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Oregon Cabaret pulls out the stops with 'Chicago'

A large cast, a two-story set, live music, period costumes, hundreds of light cues — and all that jazz — come to life this weekend as Oregon Cabaret lifts the curtain on John Kander's and Fred Ebb's "Chicago."

OCT pulls out all the stops with its 13-member cast — the biggest in OCT's history, says managing director Rick Robinson.

This Tony Award-winning musical is set in the Roaring '20s in Chicago. Roxanne "Roxie" Hart murders a faithless lover and is convicted and sent to death row. There, she meets merry murderess and vaudevillian Velma Kelly, and the two vie for the spotlight and the headlines, ultimately joining forces in search of fame, fortune and acquittal.

The alleged killers' lawyer, Billy Flynn, has a reputation for winning his cases, and he makes celebrities of his clients to win sympathy and sway public opinion.

The show will preview Thursday, July 14, open Friday, July 15, and run through Sept. 11 at OCT, First and Hargadine, Ashland. Curtain is at 8 p.m. Wednesdays, Thursdays, Fridays, Saturdays and Mondays; 1 p.m. Sundays. Tickets are $25 for the July 14 preview. Tickets for all other performances are $39; $25 for bistro seating.

Tickets, information and reservations are available at www.oregoncabaret.com or by calling 541-488-2902. Dinner reservations begin at 6:30 p.m. for evening shows; brunch begins at 11:30 a.m. for 1 p.m. matinees. Appetizers, beverages and desserts do not require reservations.

"Kander and Ebb's 'Chicago' stormed onto the theatrical scene in 1975," says Trevor Bishop in his director's notes. This is Bishop's first show for OCT. He holds a master's in fine arts in directing from the University of California at Irvine and has worked on award-winning theater productions around the country.

"Written partly in response to the political doublespeak of Richard Nixon and the Watergate-era, this musical adaptation of Maurine Dallas Watkins' 1926 Broadway satire had great potential," Bishop says. "Directed by the visionary Bob Fosse, it had his typical electric staging, a wickedly smart and funny score and powerhouse performances led by true Broadway legends Chita Rivera and Gwen Verdon.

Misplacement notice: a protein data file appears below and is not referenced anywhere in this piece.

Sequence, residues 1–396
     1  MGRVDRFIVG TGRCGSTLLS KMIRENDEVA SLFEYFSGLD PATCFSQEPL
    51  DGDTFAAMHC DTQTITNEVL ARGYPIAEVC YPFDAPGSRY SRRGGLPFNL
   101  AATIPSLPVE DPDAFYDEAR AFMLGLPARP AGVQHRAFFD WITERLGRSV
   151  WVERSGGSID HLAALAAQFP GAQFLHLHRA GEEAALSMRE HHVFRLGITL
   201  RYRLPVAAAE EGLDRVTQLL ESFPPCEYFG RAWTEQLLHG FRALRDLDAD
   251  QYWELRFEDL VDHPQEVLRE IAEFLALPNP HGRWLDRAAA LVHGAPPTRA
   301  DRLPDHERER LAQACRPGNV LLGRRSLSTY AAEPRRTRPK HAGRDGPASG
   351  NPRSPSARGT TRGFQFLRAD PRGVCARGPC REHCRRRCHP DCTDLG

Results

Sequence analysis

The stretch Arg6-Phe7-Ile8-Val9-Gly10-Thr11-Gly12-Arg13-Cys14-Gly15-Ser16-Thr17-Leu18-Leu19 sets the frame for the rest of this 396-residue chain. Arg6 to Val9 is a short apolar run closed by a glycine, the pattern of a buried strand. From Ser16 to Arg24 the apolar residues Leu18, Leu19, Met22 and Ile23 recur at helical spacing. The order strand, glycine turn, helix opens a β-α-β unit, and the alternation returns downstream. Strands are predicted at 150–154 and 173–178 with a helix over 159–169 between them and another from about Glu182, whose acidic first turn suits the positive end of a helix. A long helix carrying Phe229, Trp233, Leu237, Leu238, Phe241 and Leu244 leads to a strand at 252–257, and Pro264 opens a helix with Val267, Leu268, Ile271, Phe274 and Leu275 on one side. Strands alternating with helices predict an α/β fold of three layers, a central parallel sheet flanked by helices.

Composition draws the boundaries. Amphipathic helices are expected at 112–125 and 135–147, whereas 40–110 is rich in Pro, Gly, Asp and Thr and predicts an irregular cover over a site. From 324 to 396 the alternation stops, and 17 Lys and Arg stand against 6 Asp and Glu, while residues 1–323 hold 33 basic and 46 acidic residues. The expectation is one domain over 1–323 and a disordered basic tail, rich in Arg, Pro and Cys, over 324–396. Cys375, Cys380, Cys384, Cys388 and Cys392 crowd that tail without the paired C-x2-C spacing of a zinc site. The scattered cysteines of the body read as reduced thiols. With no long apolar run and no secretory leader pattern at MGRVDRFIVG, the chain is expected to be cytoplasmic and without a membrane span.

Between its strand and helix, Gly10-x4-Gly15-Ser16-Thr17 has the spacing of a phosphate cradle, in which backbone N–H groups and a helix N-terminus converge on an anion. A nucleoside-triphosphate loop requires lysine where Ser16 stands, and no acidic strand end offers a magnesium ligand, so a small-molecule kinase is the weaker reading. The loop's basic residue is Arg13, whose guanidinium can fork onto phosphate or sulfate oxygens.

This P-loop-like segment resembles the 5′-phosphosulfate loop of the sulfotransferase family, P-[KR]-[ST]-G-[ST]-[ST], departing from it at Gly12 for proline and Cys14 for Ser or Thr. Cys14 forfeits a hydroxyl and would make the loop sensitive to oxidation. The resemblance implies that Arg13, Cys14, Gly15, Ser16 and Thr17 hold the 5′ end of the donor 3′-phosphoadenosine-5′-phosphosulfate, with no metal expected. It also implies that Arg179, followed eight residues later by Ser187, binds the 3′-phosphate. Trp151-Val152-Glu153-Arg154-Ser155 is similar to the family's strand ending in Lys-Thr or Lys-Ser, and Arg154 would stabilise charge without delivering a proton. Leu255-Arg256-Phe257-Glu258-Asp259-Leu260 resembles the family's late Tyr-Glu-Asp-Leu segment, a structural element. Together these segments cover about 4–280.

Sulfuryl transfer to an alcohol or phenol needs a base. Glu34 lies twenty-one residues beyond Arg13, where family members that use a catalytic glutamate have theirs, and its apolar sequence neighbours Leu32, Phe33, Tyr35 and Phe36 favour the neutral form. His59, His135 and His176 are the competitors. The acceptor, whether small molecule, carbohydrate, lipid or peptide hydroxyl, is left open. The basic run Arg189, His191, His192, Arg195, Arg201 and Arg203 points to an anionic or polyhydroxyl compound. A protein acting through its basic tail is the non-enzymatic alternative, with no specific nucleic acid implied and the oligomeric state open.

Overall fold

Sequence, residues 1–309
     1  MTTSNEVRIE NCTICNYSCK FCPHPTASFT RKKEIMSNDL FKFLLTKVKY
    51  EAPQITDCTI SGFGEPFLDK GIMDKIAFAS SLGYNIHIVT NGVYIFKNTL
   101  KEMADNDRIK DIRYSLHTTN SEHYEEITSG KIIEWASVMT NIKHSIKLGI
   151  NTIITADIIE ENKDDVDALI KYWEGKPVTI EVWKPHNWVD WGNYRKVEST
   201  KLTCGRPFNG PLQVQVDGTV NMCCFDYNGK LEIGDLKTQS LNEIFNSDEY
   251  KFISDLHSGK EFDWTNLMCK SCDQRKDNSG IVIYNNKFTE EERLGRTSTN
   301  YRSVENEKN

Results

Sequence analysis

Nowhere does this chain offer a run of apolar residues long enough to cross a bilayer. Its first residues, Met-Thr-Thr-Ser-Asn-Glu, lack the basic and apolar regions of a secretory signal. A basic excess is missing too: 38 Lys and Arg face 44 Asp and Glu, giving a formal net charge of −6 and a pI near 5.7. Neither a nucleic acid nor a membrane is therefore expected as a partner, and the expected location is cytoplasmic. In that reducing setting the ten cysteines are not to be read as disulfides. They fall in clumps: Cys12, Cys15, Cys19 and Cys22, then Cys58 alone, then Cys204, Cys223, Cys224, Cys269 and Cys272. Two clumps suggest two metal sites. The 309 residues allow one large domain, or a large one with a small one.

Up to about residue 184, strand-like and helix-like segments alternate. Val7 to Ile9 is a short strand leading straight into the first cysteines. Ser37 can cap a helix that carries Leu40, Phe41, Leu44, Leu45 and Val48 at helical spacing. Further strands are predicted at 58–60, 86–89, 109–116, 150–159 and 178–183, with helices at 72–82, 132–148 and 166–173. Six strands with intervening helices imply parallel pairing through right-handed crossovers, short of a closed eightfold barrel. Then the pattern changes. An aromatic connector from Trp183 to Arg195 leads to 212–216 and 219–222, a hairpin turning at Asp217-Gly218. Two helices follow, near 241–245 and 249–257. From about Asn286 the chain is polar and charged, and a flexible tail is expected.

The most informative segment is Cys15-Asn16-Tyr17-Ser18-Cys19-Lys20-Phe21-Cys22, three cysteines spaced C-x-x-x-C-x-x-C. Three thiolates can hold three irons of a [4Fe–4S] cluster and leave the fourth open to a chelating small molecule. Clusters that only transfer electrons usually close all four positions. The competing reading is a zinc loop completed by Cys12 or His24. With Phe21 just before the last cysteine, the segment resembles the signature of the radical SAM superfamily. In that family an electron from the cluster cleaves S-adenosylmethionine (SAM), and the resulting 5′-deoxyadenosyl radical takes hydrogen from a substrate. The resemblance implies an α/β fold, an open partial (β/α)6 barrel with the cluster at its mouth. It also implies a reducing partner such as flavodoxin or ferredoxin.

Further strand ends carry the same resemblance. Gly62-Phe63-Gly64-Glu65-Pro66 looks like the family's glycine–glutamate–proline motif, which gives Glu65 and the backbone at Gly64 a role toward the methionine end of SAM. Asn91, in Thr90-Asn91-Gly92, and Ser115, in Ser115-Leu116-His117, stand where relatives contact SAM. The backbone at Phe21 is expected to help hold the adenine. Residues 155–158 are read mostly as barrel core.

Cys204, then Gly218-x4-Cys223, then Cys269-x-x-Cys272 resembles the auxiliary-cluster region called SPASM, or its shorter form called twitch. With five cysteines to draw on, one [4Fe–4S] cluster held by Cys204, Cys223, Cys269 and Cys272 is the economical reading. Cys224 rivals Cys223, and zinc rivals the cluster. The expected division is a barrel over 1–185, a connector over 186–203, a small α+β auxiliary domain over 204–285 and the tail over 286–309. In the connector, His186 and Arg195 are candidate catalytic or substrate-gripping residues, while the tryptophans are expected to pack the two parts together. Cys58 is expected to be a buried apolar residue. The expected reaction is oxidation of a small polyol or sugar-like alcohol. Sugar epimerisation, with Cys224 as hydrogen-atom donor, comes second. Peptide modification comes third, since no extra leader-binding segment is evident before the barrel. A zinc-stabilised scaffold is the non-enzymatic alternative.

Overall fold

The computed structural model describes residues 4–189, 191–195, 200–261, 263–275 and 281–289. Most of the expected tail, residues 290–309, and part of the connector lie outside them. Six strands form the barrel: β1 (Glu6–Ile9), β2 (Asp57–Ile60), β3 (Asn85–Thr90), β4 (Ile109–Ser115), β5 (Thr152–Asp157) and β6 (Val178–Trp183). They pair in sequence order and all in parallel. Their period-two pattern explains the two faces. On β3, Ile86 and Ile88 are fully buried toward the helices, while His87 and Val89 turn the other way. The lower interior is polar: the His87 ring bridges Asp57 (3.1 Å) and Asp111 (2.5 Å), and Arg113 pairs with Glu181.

"Unfortunately, it had one problem: Marvin Hamlisch and Ed Kleban's 'A Chorus Line' stormed even louder in 1975, sweeping the year's Tony Awards," he says.

It took more than 20 years for "Chicago" to return to Broadway, with the revival winning six Tonys in 1997.

"OCT's take on the musical is a return to its historical roots, taking us back to 1924 during the bleak Depression era in the Windy City. It was a time when murder was a means of survival, when performance spoke louder than truth, and when people would do anything to be the next 'big thing,' " Bishop writes.

Watkins' original version carried the subtitle "A Musical Vaudeville," so OCT will set the show at Flynn's place, letting the women's story unfold on his crumbling vaudeville stage.

Deanna Ott plays Hart, Lavli Kayhani is Kelly and Galloway Stevens is Flynn. Music director is Mike Wilkins, choreographer is Katie Wackowski, costume designer is Kerri Lea Robbins, Craig Hudson is set and lighting designer, and Tom Freeman is sound designer.

Tamara Marston plays Cook County Jail matron Mama Morton, Katie Worley Beck plays Liz, Billy Breed is Amos Hart, Wackowski is June, Edgar Lopez is Aaron and Jake Delaney is Fogarty.

"By returning the production to its vaudeville roots, our performers and creative team get to explore the farce and comedy of the period as it relates to Roxie and Velma's stories," Bishop says. "It's delicious fun. However, we won't be shying away from the darker, seedier aspects of this world. The one that exposes the darker life of our merry murderesses where life and death are closer than you think, and celebrity tries to trump talent, guilt and the truth.

"Enter our crumbling vaudeville theater and see a Chicago you've never seen before, one that will make you laugh and, hopefully, make you consider, in the words of Kander and Ebb's famous 'Cell Block Tango,' if 'you would have done the same.' "

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